MacDailyNews Take: Appcelerator is an app excretor which facilitates the building of generic apps to be deployed on multiple platforms in one step; the uniqueness of each OS is discarded in such generic or “ported” apps. BTW: Lowest common denominator apps suck. Hence, the respondents to this survey are predisposed to be multi-platform app excretors, not top flight developers, which, if anything, tends to inflate the numbers for non-iOS numbers. In other words, it’s likely much worse for Android than these numbers indicate.
The Appcelerator-IDC Q2 2011 Mobile Developer Survey Report, taken April 11-13, shows that interest in Android has recently plateaued as concerns around fragmentation and disappointing results from early tablet sales have caused developers to pull back from their previous steadily increasing enthusiasm for Google’s mobile operating system. While this opens the door a crack for new entrants, nearly two-thirds of respondents believe that it is not possible for Microsoft, RIM, HP, and Nokia to reverse momentum relative to Apple and Google. Underscoring the fluidity of the mobile ecosystem and in a peculiar turn of events, recent simultaneous drops in developer interest in Windows Phone ’07 and BlackBerry OSes move Windows Phone ’07 ahead of BlackBerry to claim the third spot in developer interest.
Apple Maintains Leadership While Google, Microsoft, Rim, and Nokia Lose Steam
With over a trillion dollars in market cap at play in today’s mobile platform wars, there’s little room for error in strategy or execution. This past quarter showed that even strong announcements and solid product introductions can still leave contenders to Apple’s app developer mindshare dominance at risk of falling further behind.
Key findings of this survey include:
• Apple iOS interest remains high with 91% of developers saying they are ‘very interested’ in iPhone development and 86% are very interested in developing for the iPad.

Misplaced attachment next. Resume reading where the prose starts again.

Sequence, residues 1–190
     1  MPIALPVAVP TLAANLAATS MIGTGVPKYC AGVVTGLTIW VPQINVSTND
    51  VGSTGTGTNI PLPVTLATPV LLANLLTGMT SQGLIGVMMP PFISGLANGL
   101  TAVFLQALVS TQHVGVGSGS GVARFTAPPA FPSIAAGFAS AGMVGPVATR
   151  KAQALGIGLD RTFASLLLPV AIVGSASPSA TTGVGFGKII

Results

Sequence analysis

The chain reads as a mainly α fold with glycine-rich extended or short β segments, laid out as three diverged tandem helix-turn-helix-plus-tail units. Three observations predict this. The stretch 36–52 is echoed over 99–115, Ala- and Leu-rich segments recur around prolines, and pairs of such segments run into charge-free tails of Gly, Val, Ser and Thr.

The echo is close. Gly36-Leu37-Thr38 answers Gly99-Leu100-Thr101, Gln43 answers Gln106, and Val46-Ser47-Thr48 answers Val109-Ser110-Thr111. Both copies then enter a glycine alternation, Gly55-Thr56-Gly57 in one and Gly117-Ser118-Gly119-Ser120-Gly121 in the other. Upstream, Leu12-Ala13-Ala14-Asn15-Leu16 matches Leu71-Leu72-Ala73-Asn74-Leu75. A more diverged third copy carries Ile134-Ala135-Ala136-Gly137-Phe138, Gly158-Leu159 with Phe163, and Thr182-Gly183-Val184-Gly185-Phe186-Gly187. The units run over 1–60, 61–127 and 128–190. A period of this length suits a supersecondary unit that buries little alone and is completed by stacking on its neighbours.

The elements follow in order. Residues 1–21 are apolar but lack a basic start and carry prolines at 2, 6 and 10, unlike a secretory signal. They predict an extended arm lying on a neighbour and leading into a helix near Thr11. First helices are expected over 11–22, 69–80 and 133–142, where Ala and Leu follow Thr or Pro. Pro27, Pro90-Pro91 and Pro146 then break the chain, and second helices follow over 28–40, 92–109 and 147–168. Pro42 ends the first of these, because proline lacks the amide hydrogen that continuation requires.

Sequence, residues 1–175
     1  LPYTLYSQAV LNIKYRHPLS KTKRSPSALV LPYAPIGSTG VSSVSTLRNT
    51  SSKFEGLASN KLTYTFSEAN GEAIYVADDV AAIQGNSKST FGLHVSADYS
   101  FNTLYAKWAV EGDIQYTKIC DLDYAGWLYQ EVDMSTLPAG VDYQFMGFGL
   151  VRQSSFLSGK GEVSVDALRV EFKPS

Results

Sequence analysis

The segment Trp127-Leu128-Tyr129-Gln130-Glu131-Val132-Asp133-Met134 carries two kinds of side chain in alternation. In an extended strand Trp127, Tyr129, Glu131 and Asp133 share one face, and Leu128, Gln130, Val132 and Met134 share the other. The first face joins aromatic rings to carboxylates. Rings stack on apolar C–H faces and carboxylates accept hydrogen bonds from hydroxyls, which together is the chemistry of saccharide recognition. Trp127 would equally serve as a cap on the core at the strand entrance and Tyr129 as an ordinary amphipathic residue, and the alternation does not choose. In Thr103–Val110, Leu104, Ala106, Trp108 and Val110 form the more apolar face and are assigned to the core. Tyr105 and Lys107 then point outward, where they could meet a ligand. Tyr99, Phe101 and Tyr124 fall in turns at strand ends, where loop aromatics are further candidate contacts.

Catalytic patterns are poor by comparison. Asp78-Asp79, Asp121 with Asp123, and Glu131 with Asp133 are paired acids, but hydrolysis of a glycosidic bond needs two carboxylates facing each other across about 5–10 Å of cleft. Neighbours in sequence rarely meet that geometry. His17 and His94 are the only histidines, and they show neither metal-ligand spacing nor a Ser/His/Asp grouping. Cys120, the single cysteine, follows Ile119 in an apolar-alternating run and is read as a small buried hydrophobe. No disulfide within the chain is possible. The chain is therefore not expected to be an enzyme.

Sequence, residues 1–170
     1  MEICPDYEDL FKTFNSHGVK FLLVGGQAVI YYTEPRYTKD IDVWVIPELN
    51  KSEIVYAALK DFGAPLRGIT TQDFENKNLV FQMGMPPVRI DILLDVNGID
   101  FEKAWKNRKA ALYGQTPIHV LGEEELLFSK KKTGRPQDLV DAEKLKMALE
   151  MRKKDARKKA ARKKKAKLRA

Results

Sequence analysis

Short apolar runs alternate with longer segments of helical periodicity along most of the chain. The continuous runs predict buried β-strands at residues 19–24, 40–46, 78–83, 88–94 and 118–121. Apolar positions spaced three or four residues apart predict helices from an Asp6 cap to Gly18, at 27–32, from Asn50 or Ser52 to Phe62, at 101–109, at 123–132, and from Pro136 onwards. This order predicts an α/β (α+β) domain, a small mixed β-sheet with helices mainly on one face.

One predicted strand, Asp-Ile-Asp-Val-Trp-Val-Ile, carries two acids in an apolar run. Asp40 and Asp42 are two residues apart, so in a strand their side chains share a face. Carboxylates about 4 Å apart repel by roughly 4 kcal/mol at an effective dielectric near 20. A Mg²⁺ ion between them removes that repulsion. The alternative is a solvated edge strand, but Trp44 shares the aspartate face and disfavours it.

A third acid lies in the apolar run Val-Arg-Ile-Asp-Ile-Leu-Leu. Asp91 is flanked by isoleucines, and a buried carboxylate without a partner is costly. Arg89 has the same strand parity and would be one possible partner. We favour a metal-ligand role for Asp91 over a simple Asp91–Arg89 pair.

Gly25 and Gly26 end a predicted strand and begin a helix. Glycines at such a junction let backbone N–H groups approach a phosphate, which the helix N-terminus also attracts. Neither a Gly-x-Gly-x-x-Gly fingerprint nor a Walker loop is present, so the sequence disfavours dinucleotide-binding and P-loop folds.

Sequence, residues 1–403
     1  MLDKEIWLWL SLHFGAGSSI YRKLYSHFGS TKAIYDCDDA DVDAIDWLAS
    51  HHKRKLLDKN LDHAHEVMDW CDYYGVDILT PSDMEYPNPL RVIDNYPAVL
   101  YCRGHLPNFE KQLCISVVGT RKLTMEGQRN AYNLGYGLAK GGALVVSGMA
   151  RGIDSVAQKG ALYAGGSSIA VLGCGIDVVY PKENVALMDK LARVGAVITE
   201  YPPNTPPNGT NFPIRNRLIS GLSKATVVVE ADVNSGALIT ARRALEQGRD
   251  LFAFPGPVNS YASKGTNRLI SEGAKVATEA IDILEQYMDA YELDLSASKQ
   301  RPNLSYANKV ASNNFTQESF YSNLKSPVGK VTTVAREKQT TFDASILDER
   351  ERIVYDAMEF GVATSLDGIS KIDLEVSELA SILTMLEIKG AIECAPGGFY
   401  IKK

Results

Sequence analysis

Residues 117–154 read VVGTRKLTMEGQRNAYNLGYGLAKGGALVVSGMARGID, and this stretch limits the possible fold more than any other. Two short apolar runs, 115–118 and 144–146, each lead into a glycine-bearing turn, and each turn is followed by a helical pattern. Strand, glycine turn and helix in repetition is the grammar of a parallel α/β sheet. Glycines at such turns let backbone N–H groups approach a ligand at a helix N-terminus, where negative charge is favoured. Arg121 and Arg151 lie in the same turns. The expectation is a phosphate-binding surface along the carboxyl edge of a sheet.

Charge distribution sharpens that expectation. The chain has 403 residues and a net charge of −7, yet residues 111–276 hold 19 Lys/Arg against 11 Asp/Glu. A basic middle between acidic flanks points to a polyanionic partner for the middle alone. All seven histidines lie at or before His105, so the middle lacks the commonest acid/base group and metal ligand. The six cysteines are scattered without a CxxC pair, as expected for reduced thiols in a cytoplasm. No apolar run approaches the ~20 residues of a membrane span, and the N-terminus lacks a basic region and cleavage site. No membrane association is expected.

• Google witnessed a plateau in its earlier momentum gains. Reported interest in Android phones fell two points to 85% and Android tablets fell three points to 71% after increasing twelve points in Q1. Although technically within standard deviations, these drops stand in contrast to steadily increasing developer interest in Android over the last year and are consistent with an increase in developer frustration with Android. Nearly two-thirds (63%) of respondents said that device fragmentation in Android poses the biggest risk to Android, followed by weak initial traction in tablets (30%) and multiple Android app stores (28%)
• When it comes to fragmentation, Android’s issues are not the number one concern among developers. In fact, fragmentation in mobile today is six layers deep. Android fragmentation only ranks third behind the fragmentation of skills (eg: Objective-C vs. Java), and the fragmentation of OS capabilities (eg: iOS vs. Android vs. Windows Phone ’07). This context sheds light on how fragmentation within the Android operating system compounds an already larger problem, and it will be a critical issue for Google to address and an opportunity for competitors like Microsoft, HP, Nokia and RIM to exploit.
• While 71% of developers are very interested in Android as a tablet OS, only 52% are very interested in one of the leading Android tablet devices today, the Samsung Galaxy Tab. Further down the list, only 44% are very interested in the Motorola Xoom and 31% in the upcoming HTC Flyer. Smaller players (Acer, Archos, etc.) register minimal interest. In short, the promise of an Android tablet is appealing, but the reality of currently, or soon-to-be, shipping devices is disappointing to developers.
• Microsoft edges RIM to become the third horse, but there is not much cause for celebration in Redmond as respondents’ interest in Microsoft and RIM dropped substantially compared to last quarter. Microsoft fell seven points, with only 29% of developers saying they are ‘very interested’ in the Windows Phone ’07, while BlackBerry phones dropped eleven points to 27%. On the upside, and in part as a result of Microsoft’s partnership announcement with Nokia, Windows Phone ’07 interest fell four points less than BlackBerry to make Microsoft the new number three in developer interest behind Apple and Google.
• Despite Android’s apparent plateau and potential slight pullback, the road to becoming number two will be long for either Microsoft or RIM. 62% of respondents say it will be impossible for anyone to catch up to market leaders Apple and Google. Beyond market share concerns, however, Microsoft’s biggest problem with developers may simply be available time as noted by the 46% of respondents who indicated “I have my hands full with iOS and/ or Android.” In addition to landing major distribution partnerships and exploiting Android’s fragmentation and security holes, making app migrations from iOS and Android to Windows Phone ’07 easy and profitable for developers will be critical for Microsoft.
Source: Appcelerator/IDC, April 2011
[Attribution: GigaOM. Thanks to MacDailyNews Readers "Opportun" and "Viridian" for the heads up.]